2017 premiums approved with hefty price hikes

Margarita Cambest
  • The Pennsylvania Department of Insurance released final individual and small group rates for Affordable Care Act market plans on Tuesday.

Health insurance premiums for individual plans on the federal marketplace will definitely go up for Pennsylvanians in 2017.

The Pennsylvania Department of Insurance released final individual and small group rates for Affordable Care Act market plans on Tuesday. The state approvals are the last stage in setting health insurance company’s rates for 2017 plans on the federal health insurance marketplace created under the president’s signature health care law.

Obamacare graphic, Amanda J. Cain, acain@yorkdispatch.com

Insurers will offer three products to residents of Rating Area 7, which includes York, Adams and Lancaster counties. In York, Capital Advantage Assurance Company will sell two subsidy-eligible plans, and Geisinger Health Plan will sell three. HHIC will sell small-group plans in York, but only off the federal marketplace.

On average, Pennsylvanians will see a 43 percent increase from 2016 plans offered by Capital Advantage Assurance, a 42 percent increase in plans offered by Geisinger Health Plan and a 55 percent increase in HHIC plans, according to final individual plan rates.

These rate increases only apply to the approximately 10 percent of Pennsylvanians who purchase their health care through the federal marketplace or small group policies. They do not apply to larger employers or government plans such as Medicare or Medicaid.

Yorkers could see 30 percent premium increases

Increases: Across the board, 2017 offerings are more expensive than those available in 2016, and there are fewer of them. However, increases are greater for York residents.

Rates provided for silver market tier plans for both 21- and 40-year-old nonsmokers show an increase of more than 64 percent for Capital Advantage Assurance Co. plans. Geisinger Health plans in Rating Area 7 will go up about 38 percent, and HHIC plans will go up 46 percent.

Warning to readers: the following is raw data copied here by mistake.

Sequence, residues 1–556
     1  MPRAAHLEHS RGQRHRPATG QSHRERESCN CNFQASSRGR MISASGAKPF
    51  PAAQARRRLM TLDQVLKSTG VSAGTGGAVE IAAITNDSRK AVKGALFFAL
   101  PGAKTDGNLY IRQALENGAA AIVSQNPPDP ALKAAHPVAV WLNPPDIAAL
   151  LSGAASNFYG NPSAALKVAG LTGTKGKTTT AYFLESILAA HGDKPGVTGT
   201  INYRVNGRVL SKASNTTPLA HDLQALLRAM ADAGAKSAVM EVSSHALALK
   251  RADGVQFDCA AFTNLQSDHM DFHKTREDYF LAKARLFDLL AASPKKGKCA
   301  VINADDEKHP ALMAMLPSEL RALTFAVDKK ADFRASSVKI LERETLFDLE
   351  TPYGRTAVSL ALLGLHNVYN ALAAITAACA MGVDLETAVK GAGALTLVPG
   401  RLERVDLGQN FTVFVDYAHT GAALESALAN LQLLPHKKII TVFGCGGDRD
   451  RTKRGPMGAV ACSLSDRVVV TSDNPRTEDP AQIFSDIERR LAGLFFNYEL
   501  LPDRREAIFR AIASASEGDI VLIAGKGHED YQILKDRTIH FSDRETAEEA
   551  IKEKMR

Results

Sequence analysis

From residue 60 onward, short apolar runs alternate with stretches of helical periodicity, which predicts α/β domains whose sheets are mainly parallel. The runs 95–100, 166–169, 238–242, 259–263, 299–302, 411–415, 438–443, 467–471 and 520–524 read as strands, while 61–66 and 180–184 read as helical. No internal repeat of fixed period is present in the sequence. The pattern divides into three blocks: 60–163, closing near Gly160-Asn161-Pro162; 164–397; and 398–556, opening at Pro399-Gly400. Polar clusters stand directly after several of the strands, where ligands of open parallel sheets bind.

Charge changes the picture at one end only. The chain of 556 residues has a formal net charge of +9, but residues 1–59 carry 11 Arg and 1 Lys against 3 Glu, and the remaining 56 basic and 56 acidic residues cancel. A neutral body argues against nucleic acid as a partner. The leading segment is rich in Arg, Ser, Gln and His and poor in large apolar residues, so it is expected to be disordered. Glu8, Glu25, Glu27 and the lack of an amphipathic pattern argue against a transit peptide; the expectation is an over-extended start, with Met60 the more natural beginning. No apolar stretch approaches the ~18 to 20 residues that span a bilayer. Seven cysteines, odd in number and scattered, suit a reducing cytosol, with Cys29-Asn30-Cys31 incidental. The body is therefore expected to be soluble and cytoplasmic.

Department of Insurance spokeswoman Ali Fogarty said rates can vary across the state because of  the variation in costs of medical services in different regions, but for the most part the plans were not priced correctly to begin with.

“When the federal marketplace began in 2014, insurers did not know much about the population that they would end up insuring,” she said in an email. “Claims from these plans have ended up being higher than anticipated, so insurers have found that they priced these plans incorrectly.”

In some cases, she said, insurers spent $1.16 in claims for every $1 they collected in premiums.

In most instances, state regulators approved greater increases than what was originally requested by insurers. Compared to Capital Advantage Assurance Co., Geisinger Health and HHIC requests made in the spring, the state insurance department approved individual plan rates that are 27 percent, 6 percent and 5 percent higher, respectively.

Fogarty said that was done to ensure “market stability" as insurers increasingly withdrew from the federal marketplace throughout 2016.

“After United Healthcare and Aetna withdrew from the marketplace, other insurers expressed concerns about Pennsylvania’s individual market, their ongoing losses and the federal actions that impact market stability,” she said. “The department had to work with these insurers to ensure that they continued to view Pennsylvania as a viable market.”

Subsidies: Officials said many people buying individual plans on the federal marketplace are eligible for tax subsidies, which will offset some or all of the increases.  Last year, three out of four commonwealth residents who bought plans through the federal exchange were eligible for subsidies to help pay premiums.

Insurance Commissioner Teresa Miller announced the department will join Pittsburgh-based health insurer Highmark Inc. in its lawsuit against the federal government over 2014 losses from the Affordable Care Act they say totaled about $223 million.

The health insurer said the government failed to follow its risk corridor provision, which was included in the law to create a stable environment for insurers that incurred higher-than-anticipated claims. The provision included a promise to pay some of the losses insurers sustained during the first years of the new law.

“Congress passed the law with this protection, and their decision to renege on their commitment to insurance companies has created more instability that contributes to rising costs for consumers,” Fogarty said.

Lowest Cost Subsidy Eligible Marketplace Plans Offered in York (Before Subsidies and Based on a 21-year old nonsmoker)

Metal LevelIssuer Premium 
GoldCapital Advantage Assurance Company $513.22
SilverCapital Advantage Assurance Company $436.73
GoldGeisinger Health Plan $515.38
SilverGeisinger Health Plan $410.67
CatastrophicGeisinger Health Plan $294.70